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[01 May 2011] Avoid Preemptive Branching

I really like this blog post on the dangers of preemptive branching. It basically points out that the act of branching for a release candidate should be performed as late as possible (if at all) and that the hardening process should utilize the entire team. This approach helps to avoid a series of problems which will hamper the project and the team with complexity and sub-optimal conditions. In the end, rather than getting value from splitting team effort, a preemptive branch actually diminishes the ability of the team to deliver. Some of the ugly results will be decreases in code quality, over-specialization and knowledge centralization of individual team members, general failure to meet the goals that the branch was supposed to help solve in the first place, increased technical debt, and overall reduction in agility.

The author lists a number of reasons why preemptive branching is problematic. I find this one to be quite damaging:

Increases the work-in-progress and creates a lot of planning, management, version-control, testing, etc. overheads.

The daily challenge of playing traffic cop to a team of committers under pressure to be “done” can be quite time consuming and frustrating. Consider some of the annoyances:

  • Every individual on the team needs to understand where they need to do their work. You might have a hardening team working in the release branch, but there is a good chance that these team members are also the “most trusted and knowledgeable” members of your team. As such, there will be cases where they will be needed to split their time between the release branch and mainline. While what needs to be communicated is typically simple (eg. Bug Fix A goes in mainline and Bug Fix B goes in the release branch), doing it in an effective way requires process and takes time.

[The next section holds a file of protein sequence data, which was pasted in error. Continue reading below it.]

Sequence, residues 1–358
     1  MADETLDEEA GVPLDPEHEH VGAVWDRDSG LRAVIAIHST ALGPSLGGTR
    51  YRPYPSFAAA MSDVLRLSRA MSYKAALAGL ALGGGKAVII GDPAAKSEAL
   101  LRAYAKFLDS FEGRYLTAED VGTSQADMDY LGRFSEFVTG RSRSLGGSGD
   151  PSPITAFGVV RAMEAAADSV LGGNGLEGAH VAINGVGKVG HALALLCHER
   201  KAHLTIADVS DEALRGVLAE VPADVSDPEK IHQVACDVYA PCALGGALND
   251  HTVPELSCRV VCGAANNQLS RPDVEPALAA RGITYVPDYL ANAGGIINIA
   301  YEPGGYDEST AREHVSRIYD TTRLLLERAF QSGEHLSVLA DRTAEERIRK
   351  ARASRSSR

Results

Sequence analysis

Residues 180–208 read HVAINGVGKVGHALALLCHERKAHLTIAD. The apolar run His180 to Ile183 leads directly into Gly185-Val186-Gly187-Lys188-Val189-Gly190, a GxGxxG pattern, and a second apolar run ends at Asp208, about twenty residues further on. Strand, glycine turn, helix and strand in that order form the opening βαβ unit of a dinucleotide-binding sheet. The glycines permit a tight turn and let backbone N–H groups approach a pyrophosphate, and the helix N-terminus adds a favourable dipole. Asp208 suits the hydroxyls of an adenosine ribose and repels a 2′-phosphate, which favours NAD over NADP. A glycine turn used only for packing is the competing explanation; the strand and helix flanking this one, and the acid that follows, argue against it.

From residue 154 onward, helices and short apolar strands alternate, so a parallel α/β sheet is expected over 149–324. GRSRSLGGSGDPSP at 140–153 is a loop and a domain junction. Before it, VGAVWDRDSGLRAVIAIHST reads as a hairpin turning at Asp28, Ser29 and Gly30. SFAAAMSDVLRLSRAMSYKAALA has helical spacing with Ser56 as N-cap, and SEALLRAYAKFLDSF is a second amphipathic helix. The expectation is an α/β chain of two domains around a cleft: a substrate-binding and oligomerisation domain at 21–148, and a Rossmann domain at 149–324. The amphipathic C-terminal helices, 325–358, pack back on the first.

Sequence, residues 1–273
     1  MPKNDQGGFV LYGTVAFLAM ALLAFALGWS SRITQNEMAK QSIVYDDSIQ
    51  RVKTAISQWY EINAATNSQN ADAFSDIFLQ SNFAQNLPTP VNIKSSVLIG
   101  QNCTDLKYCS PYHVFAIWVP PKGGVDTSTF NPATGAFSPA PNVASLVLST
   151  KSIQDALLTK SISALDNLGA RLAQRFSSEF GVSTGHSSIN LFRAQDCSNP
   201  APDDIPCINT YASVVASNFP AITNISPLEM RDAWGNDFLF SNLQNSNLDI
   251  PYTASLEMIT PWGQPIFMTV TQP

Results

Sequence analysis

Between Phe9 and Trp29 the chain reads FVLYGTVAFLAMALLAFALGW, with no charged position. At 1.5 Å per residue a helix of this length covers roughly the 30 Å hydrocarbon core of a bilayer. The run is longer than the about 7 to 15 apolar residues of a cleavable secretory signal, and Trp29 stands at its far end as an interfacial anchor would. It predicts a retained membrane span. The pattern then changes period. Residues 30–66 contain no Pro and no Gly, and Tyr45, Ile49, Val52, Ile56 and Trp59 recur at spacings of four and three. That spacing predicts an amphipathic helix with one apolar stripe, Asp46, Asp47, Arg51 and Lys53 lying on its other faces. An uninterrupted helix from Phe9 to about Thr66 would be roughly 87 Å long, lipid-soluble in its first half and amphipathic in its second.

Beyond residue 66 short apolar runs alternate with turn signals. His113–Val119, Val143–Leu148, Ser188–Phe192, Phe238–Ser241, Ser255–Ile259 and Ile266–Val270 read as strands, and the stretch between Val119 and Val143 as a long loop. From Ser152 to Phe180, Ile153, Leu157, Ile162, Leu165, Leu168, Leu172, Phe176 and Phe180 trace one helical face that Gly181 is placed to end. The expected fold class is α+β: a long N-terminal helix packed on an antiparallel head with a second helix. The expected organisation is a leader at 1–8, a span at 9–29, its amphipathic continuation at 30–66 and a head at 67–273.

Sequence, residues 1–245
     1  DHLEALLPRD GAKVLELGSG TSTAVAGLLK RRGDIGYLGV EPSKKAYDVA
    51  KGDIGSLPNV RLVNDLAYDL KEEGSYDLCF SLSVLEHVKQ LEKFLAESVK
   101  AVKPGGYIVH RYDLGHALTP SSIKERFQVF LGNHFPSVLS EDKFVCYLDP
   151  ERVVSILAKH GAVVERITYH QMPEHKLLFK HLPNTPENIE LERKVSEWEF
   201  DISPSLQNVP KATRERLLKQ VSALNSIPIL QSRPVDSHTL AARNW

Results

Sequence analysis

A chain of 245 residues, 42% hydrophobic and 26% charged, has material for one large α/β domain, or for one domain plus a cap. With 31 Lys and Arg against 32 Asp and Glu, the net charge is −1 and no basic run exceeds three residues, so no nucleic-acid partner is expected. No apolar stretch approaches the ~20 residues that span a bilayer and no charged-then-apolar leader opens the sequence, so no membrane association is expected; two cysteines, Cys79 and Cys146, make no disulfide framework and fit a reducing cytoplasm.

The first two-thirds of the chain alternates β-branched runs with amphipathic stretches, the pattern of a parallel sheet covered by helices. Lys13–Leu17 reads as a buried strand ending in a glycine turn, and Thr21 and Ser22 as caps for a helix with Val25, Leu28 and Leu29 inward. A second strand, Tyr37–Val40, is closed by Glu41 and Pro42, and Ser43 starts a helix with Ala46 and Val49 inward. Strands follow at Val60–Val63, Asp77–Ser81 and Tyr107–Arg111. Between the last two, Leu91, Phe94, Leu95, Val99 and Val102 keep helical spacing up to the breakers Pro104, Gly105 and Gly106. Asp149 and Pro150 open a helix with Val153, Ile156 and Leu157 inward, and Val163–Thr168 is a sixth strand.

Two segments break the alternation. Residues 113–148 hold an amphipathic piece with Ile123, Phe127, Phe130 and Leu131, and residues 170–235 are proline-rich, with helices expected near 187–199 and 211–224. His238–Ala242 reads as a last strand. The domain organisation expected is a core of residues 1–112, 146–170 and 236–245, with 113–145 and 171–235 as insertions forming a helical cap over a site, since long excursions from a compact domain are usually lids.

• Even if the team has overcome the hardship above, there is always the inevitable realization that a change that went to mainline was something that the release branch depended on for hardening. Those changes then need to be recreated manually in the release branch, which inevitably create merge conflicts when going back to mainline.
  • The longer a release branch lives, the greater the chance that the merge path among branches can become complex or in the worst case impossible.

In addition to the reasoning of the author against a preemptive branch, I also see the following risks:

  • All the merging and branching strategy that I describe above can easily become overly centralized such that only one person knows what is going on in source control.
  • The goal of just hardening a release is sometimes lost the longer the release branch exists. As the release remains in hardening mode past its expected delivery date, the demand for additional features promised can pressure the team into sneaking some of those features into the release branch.
  • The release branch may fail to ever truly harden. This failure could be a result of the previously described feature-sneak, but may also be the result of too much technical debt.
  • The sum negative impact of a preemptive branch chips away at the team’s agility.

I can’t seem to think of any easy ways out of a release branch started too early, especially once the project is weakened by several cycles of this type of branching. Preventing future preemptive release branches is likely the best thing to do, though that may only be possible after accepting delays in the release schedule.

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